Elsa lives across the way, and in her behaviour and attitudes, chatting and laughing, she resembles the Shirley MacLaine? of so many films over the decades. And why not? Audiences have liked her and responded well to her – and, ultimately, so does Fred.
One of Elsa’s idiosyncrasies is her love for Fellini’s film La Dolce Vita, especially the Trevi fountain scene with Anita Ekberg going into the water, watched by Marcello Mastroianni. Elsa has a poster on the wall and watches the film over and over. And she has a dream that one day she will go to Rome, dress up like Anita Ekberg and re-enact the famous scene.
Fred has no such dreams and finds Elsa a little irritating, though he kindly believes some of her wild stories, especially when she pleads and describes needy family so that he will give her back the cheque to pay for the damage she did to his daughter’s car. Truth is not her forte and we discover throughout the film that she has told some little white lies as well as whoppers. But she takes a shine to Fred, trying to persuade him to take a little step by step and move outside his room.
She does and gradually Fred comes to life, though his goodwill is sorely tested by Elsa, her behaviour, and her playing with the truth.
But, this is a feel-good film for the older audience and, despite ups and downs, moments of love, moments of exasperation, Elsa and Fred offers an affirmation of life and its possibilities.
US/France, 2015, 115 minutes, Colour.
Sean Penn, Jasmine Trinca, Javier Bardem, Mark Rylance, Ray Winstone, Idris Elba.
Directed by Pierre Morell.
The Gunman is definitely a Sean Penn film. Not only does he star, he has some credits as a producer and as contributing to the screenplay. While this is an action story, there is strong critique of the methods of international corporations, their ruthlessness, the background to their bargaining for contracts and are not being afraid to stoop to murder to achieve their ends and cover all this up. Sean Penn concerns.
The film is based on a novel by French writer, Jean- Patrick Manchette who died in 1995. His novels were action thrillers and his plot is taken here and updated to the 21st century.
The initial action takes place in the Democratic Republic of Congo, a group of expatriates, American, British, Spanish, seem to be an advisers on projects, with links to humanitarian activities in the area. It is 2006, issues of rebel fighting, governments working against corruption and a minister deciding that there will be a veto on international contracts. It is probably inevitable in these circumstances that he is assassinated.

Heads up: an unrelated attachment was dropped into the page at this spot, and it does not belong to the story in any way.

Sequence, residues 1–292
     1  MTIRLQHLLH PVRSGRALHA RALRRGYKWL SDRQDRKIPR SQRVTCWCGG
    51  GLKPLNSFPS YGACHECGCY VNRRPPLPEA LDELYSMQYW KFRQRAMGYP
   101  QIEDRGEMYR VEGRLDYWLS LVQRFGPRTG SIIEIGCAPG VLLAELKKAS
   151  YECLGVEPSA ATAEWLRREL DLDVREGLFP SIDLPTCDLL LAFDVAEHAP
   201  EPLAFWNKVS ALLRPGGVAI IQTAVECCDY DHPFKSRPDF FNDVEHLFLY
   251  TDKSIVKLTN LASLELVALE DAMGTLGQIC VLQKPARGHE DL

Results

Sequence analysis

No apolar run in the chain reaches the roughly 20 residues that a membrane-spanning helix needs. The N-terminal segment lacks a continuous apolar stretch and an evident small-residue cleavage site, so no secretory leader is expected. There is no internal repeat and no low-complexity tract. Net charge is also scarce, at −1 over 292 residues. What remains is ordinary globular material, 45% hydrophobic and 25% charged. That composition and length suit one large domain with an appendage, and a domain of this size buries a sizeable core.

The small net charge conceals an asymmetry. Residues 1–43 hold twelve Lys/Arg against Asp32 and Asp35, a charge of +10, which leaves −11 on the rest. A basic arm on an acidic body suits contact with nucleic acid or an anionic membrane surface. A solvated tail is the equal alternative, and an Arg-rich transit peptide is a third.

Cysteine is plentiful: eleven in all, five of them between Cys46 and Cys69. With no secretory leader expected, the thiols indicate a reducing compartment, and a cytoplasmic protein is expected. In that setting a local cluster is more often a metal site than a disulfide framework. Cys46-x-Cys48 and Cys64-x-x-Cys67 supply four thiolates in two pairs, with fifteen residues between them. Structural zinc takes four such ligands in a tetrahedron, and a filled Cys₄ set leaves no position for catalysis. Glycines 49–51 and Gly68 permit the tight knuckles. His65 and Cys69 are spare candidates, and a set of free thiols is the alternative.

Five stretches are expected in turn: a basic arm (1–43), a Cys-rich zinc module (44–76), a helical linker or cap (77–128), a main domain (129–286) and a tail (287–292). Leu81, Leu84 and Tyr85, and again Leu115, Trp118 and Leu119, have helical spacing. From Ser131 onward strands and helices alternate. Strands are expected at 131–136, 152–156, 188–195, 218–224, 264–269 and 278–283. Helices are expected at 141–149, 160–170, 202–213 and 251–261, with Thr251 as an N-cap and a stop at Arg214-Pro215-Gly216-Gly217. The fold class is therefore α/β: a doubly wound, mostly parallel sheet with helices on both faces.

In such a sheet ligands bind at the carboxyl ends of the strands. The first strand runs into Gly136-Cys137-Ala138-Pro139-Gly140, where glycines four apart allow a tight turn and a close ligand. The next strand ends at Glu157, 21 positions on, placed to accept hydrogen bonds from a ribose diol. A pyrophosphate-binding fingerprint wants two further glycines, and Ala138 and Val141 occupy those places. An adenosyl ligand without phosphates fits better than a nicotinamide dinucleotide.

The audience realises early in the piece that the expatriates are not as fun-loving or charming as they might seem. Penn plays Jimmy, the designated assassin, and has to leave the country instantly, even abandoning his girlfriend who works in a clinic in Congo. Her asks his Spanish friend to take care of her.
The action moves to 2014, with Penn again working in Congo, but this time for an NGO, seemingly regretting his actions in the past. When a gang of armed men appears on a worksite intent on killing him, he flees to London where he makes contact with one of his old associates, Cox (Mark Rylance) and tries to get information as to who might be pursuing him. His other London contact is Stanley (Ray Winstone) a tough type, especially in action in a London pub where Jimmy loses his cool, which leads to him being taken to a doctor and found that he has brain damage which threatens his life.
Nevertheless, of he goes to Barcelona to confront his other associate, Felix (Javier Bardem) who has married his girlfriend. All the action that one might have anticipated with such a title, Gunman, for a film, certainly takes place – and then some. We have already realised that, at 54, Sean Penn has decided that he also wants to be an action star (and the current director, Pierre Morrell, directed Liam Neeson in Taken). There are many, many scenes where Sean Penn has his shirt off giving obvious evidence that he has been many times to the gym and is keeping himself tough (a credit to the man listed in the final credits as his Personal Trainer).
The film also has action sequences in Gibraltar, introducing a CIA contact (Idris Elba).
The final action is symbolic and contrived, taking place in Barcelona and its bullfighting ring, enabling a confrontation between Jimmy and the villain, with bulls accidentally set loose and killing the villain. There is an important note in the final credits saying that Barcelona since 2011 is an anti-bullfighting city.
The description of The Gunmen is probably more exciting than the real thing, which has many points of interest, some alarming bloodshed and some goring in the arena, but at the end, with both noble repentance and love, it is not as satisfying as it might have been.
THE LONGEST RIDE
US, 2015, 128 minutes, Colour.
Britt Robertson, Scott Eastwood, Alan Alda, Oona Chaplin, Lolita Davidovich,
Directed by George Tilman Jr.
What could be better than having one Nicholas Sparks’ story in a film? The answer is: having two Nicholas Sparks’ story in the one film. And that is what happens here.
Once again we are in Nicholas Sparks country, the state of North Carolina. We remember Message in a Bottle, The Notebook, Dear John, The Last Song, Night in Rodanthe. However, this time we are in from the Atlantic coast, at a college campus and at a centre for bull-riding (it is explained to us that this is not, not, a rodeo).